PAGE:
The Ethical and Sustainable Supply Chain – Some Thoughts on This For You From Forbes
“Ethical sourcing” – we see that a lot of companies are systematically addressing issues in their sourcing and supply chain management to better understand and address (and better manage!) the various issues that their investors, customers, employees, business partners, and other stakeholders care about. What is “ethical” behavior in the layers upon layers of suppliers in the usual globalized sourcing effort?
As we sometimes hear in the poetic notion, the butterfly wings’ flapping and fluttering in Brazil can have effects all the way north as expressed through the hurricane winds hitting Mexico and in the tornado whirlings on the American Gulf coast.
This “butterfly effect” (part of the chaos theory portfolio) has counterparts in the supply chains of companies sourcing from near and far lands.
An example shared: Poor working conditions in the Bangladesh factories have been brought to consumer attention by United Kingdom news reports; the products (like T-shirts) end up on retailer shelves with “Spice Girl” branding. Irony: the shirts were part of the Comic Relief Event campaign to raise money for “gender justice" – and the Bangladesh female workers made 30 cents an hour under hostile working conditions (details are in our Top Story).
Writing for Forbes (brands), contributor Richard Howell’s shares his thoughts in our Top Story. “Social, economic and environmental sustainability should be at the heart of every supply chain…” he writes.
He posits that consumers are looking to buy from companies that have a preferable design, sourcing, manufacturing, delivery of goods & services…and that operate assets and equipment in an energy-efficient, safe environment (for team members and the environment). Howell spells these out in his commentary.
So – what is ethical? Among other things, fair wages, better working conditions and gender equality in the global supply chain that is sustainable as well.
This week’s Forbes commentary is by contributor Richard Howells, a 25-year veteran of supply chain management and manufacturing who describes himself as “responsible for driving market direction and positioning of SAP’s Supply Chain Management and IOT solutions.” He’s worked on systems for such brand-facing companies as Nestle, Gillette, and others.
GRI & SASB Standards in Focus - Perspectives on Alignments & Differences For Four Industries:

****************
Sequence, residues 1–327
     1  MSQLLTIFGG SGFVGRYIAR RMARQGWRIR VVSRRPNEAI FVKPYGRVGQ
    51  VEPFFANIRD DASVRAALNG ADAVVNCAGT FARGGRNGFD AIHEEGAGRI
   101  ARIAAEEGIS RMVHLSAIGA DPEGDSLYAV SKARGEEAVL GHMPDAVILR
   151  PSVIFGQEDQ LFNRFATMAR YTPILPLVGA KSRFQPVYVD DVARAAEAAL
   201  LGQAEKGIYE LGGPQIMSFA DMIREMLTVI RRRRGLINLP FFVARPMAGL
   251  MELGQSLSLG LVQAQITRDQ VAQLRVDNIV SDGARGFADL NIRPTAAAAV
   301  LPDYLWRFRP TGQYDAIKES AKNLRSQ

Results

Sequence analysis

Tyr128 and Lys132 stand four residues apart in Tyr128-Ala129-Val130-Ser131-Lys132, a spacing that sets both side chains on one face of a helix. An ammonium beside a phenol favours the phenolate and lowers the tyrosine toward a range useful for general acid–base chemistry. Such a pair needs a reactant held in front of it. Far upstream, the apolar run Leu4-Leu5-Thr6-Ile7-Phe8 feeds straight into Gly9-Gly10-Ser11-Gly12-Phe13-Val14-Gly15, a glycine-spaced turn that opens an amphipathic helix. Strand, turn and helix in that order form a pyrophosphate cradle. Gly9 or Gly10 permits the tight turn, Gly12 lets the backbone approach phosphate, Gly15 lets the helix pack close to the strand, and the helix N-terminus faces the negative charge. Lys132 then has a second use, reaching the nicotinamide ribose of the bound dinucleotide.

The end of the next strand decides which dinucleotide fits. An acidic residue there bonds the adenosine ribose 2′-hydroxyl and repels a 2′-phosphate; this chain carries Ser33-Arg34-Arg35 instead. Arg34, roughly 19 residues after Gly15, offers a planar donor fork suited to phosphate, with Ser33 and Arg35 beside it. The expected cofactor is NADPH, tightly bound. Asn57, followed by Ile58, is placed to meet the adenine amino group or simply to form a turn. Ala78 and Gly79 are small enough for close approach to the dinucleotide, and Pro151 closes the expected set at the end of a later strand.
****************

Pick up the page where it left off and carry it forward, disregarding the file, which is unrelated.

Food, Electric Utilities, Agriculture Products, Software / IT Services
In this series we share perspectives with you on the alignments and differences of the GRI and SASB Standards when it comes to reporting on industry specific topics and disclosures. Today, we are seeing many more companies that use the Global Reporting Initiative Standards (GRI) for their corporate sustainability / responsibility / citizenship reporting also referencing aspects of the Sustainable Accounting Standards Board (SASB) Standards (recently codified for many industries by SASB). G&A Institute’s Sustainability Report Analyst Interns analyze thousands of sustainability reports as part of our responsibilities as the GRI's Data Partner for the United States, United Kingdom and Republic of Ireland.
As they analyze these corporate reports, they have been expressing their thoughts on the alignments and differences that they see in the two standards especially when it comes to sector specific disclosures, and in the way that corporate reporters are responding to the availability of both standards for their materiality analysis, strategy setting, actions and then their reporting. We asked them to share their perspectives as they examined a select number of industry categories SASB disclosure guidance and compared it to the GRI Standards Disclosures (And where available GRI sector guidance / supplements).
We have four perspectives to share with you this issue – we think they will be helpful for those professionals preparing corporate sustainability reports in select industries.
This is just the introduction of G&A's Sustainability Highlights newsletter this week. Click here to view full issue.